We just saw data released showing 10 million workers unemployed in January, a third of whom have been unemployed for at least six months. What, if anything, should Congress do about this?
Well, we saw the unemployment number creep down a little bit today, and I will be the first to say I don’t think it’s going down as quickly as we want it to.
While Congress is in large part the problem, and the reason that the unemployment numbers are not improving, and the job market is not improving -- and I think that they’re part of the problem because they’re not doing anything to get anything done. You know, they’re obstructing, they are sitting around, they’re not working together to find solutions.
Since Congress -- to me, and I think to the majority of American voters -- is the problem, and they are the reason…these improvements that we seek are not being realized, I do believe that it is incredibly disappointing that they have not voted yet to extend unemployment benefits for the long-term unemployed.
You know, we cannot be restricting progress -- we cannot be obstructing progress -- by not working together across the aisle to find answers to our problems, and then punishing the people who are being affected by that obstruction, by not supporting them while we are continuing to exacerbate it.
And what are the policies that Congress should be passing in order to address unemployment?
We have to make sure that we are keeping jobs in this country. I mean, I would like to see the tax breaks, and the loopholes that corporations can take advantage of in the tax code for shipping jobs overseas – I want to see those closed. Tax deductions for the moving expenses…that a company incurs when they move those jobs overseas -- we shouldn’t let companies be taking tax breaks for that kind of thing.
At the same time, I believe that the U.S. government should not be entering into contracts with companies that the Department of Labor has determined ship jobs overseas…
Are you urging the president to sign an executive order that would preclude contracting with companies with certain outsourcing records?
You know, I am hesitant of executive orders. And, I mean, I’m the first to admit that I’m not the most educated about the ins and outs of that type of executive order. But I will say I am hesitant to ask for anyone to sign an executive order, because I understand how temporary that ends up being. And creating laws based on one person means that the next person who’s in office, whoever that may be, has the right to overturn it. And then we end up with just as much instability -- or potentially just as much instability -- as we have now…
For that reason, I understand the desire for Congress to act and get something done, because it provides more permanence. And so I can’t really answer and tell you whether or not I would encourage him to sign an executive order, but I will say that my belief right now is that I do have some reservations about executive orders in general.
What about the call for Obama to sign an executive order to ban anti-LGBT discrimination under federal contracts – do you support that?
You know, I don’t have a difference of opinions, just because -- from one particular topic to the other. I certainly don’t believe -- and I think the majority of Americans, and I believe the majority of North Carolinians don’t believe -- that we should be discriminating against any population in jobs and employment.
That said, I want to see a permanent law in place. And so, while I’m happy that the president believes that, and feels that way, and feels it’s important, I want to see Congress act and make it permanent.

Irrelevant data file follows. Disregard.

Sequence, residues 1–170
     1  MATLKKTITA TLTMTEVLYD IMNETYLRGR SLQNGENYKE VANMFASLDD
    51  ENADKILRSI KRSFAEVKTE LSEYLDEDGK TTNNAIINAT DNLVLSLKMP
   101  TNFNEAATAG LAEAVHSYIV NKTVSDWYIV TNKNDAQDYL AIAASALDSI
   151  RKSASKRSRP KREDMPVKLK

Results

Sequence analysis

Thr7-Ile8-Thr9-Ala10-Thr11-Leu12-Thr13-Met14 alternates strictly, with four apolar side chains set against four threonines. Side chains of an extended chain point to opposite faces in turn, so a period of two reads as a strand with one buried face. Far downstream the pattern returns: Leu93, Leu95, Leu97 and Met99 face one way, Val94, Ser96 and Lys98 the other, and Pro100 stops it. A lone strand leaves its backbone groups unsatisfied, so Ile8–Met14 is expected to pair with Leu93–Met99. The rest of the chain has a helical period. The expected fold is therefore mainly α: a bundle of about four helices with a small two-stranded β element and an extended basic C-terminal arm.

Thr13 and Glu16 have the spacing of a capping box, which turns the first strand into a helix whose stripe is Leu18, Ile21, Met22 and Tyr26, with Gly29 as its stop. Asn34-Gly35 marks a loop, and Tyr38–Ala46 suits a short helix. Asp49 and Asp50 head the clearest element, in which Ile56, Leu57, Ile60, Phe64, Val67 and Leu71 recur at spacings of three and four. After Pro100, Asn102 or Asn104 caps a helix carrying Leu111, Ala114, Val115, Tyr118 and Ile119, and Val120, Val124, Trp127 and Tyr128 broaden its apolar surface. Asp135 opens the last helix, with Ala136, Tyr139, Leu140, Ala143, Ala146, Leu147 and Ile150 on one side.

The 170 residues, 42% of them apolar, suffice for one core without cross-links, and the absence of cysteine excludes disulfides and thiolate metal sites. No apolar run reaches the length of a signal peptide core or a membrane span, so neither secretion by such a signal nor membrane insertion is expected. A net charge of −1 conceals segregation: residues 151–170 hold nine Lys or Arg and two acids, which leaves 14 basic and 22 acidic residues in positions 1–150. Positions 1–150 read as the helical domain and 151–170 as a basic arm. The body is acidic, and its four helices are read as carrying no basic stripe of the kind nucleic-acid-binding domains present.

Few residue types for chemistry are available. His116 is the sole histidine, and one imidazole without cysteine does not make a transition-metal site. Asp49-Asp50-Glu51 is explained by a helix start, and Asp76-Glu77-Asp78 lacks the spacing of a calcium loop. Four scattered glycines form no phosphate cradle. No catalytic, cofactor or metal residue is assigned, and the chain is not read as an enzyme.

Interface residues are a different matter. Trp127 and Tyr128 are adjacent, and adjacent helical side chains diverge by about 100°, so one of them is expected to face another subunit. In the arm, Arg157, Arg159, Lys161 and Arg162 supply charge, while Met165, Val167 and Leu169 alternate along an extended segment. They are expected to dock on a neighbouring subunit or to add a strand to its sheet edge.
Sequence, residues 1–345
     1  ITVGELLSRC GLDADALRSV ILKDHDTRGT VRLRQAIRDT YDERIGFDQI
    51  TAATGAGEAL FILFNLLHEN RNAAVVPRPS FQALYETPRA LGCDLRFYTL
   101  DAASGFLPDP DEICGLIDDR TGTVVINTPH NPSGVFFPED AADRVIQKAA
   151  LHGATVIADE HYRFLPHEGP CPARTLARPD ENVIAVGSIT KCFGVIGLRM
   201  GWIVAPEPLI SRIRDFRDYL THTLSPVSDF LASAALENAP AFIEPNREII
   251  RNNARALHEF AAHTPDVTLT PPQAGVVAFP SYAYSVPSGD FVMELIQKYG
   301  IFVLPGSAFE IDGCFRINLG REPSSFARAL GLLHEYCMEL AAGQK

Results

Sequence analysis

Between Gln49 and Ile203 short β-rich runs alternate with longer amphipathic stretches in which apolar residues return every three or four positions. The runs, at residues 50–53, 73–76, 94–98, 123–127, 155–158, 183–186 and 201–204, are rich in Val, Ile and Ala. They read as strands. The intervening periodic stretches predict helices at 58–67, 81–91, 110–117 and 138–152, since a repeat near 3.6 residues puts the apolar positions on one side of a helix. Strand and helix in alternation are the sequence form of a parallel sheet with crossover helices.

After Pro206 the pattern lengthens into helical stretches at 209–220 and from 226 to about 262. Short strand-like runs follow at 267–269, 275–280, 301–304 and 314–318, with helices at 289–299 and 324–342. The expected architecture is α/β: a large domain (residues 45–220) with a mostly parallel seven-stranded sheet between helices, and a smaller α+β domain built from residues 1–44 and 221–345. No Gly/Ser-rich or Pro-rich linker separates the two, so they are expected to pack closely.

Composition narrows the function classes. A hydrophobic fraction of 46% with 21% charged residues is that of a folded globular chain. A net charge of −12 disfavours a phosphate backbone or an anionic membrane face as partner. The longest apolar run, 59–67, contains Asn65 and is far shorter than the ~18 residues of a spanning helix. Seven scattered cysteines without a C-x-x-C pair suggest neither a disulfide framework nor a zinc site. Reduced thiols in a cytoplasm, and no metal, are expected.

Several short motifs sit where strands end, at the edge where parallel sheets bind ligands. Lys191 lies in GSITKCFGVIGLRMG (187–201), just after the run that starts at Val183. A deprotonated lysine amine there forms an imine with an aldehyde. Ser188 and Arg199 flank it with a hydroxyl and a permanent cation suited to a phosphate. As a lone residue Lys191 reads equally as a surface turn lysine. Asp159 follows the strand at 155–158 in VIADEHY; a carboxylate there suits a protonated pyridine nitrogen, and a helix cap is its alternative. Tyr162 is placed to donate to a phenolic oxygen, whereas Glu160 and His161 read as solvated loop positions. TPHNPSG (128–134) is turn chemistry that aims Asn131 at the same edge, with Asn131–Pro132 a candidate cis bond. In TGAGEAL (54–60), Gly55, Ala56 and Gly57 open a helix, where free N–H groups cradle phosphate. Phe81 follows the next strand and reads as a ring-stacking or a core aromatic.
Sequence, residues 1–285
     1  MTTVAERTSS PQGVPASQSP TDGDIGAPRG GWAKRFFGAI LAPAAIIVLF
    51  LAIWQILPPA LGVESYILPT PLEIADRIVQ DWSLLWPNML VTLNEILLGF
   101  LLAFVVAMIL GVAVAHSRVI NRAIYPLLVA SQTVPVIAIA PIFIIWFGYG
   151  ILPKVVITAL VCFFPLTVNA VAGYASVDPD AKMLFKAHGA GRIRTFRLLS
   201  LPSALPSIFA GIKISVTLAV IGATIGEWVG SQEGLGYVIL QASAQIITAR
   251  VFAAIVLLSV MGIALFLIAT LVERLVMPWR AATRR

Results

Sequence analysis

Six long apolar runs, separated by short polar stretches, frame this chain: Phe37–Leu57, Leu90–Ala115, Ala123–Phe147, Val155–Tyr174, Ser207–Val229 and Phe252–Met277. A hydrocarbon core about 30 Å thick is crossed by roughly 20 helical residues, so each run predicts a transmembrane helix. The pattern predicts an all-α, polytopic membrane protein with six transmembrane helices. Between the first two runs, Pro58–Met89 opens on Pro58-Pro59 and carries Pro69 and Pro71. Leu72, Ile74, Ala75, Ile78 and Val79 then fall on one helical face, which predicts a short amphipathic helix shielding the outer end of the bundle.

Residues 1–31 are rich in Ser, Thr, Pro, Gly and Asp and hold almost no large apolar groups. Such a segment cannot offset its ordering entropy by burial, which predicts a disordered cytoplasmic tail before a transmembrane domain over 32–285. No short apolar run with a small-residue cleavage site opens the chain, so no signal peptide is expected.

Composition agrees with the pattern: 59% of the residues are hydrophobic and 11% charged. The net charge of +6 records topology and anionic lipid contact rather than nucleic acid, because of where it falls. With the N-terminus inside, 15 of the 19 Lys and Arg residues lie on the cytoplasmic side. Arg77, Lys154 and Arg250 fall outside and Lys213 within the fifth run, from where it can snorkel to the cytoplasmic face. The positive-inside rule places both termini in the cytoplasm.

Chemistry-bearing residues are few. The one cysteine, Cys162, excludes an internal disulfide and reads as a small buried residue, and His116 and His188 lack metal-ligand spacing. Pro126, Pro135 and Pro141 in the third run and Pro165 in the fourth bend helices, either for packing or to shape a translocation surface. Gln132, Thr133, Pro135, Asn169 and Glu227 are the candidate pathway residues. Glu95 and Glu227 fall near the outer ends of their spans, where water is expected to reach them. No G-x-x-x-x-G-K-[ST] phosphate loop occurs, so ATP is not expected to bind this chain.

Would you support the version of the Employment Non-Discrimination Act that passed the Senate?
The answer is yes. That we need to make sure that the laws we’re passing are protecting people. And we should not be voting against something that makes progress just because it doesn’t make as much progress as we’d like to see made.
As much as I might like to see any number of issues progress in larger steps, I understand that some of these things happen in smaller steps. And so for that reason, progress is progress. And success is success.
What do you believe should be the federal minimum wage?
I don’t know the answer to what the federal minimum wage should be precisely. I do believe that we need to increase the amount we’re paying workers. I do believe that nobody should be working 40 hours a week and living in poverty. Nobody should be working two jobs and living below the poverty line. The minimum wage should be increased.
People are not being paid enough, and we have not increased the minimum wage -- and we should be incentivizing the people who go to work. We should make working full-time something that will pay a living wage.
That said, I’m not sure that the minimum wage is the only way to solve that problem. I think we need to take a hard look at how to get the Earned Income Tax Credit back up to where it should be, and be incentivizing people in that way as well.
We need to make sure that we are doing it in a way that companies are still hiring people. And we need to make sure that – there’s no answer to any question that relies on only one side or the other. And for the last three years, we’ve spent too much time doing nothing because neither side will budge. I believe personally that the minimum wage should be increased. But I understand that there’s a need to meet in the middle somewhere, and make sure that it affects everyone positively. And so I think minimum wage increase is not the only answer.
The proposal from congressional Democrats for a $10.10 minimum wage – would you vote in favor of that?
Again, I can’t answer it any differently than I did before. I don’t know precisely what the minimum wage should be. Because I think that a lot of this – a lot has to be looked at.
Personally, I think that a $10.10 minimum wage seems to be a reasonable place to start. But again, I don’t think it’s the only answer. And I think that we have to listen to the arguments from both sides and figure out what’s best. And that isn’t always from one side or the other.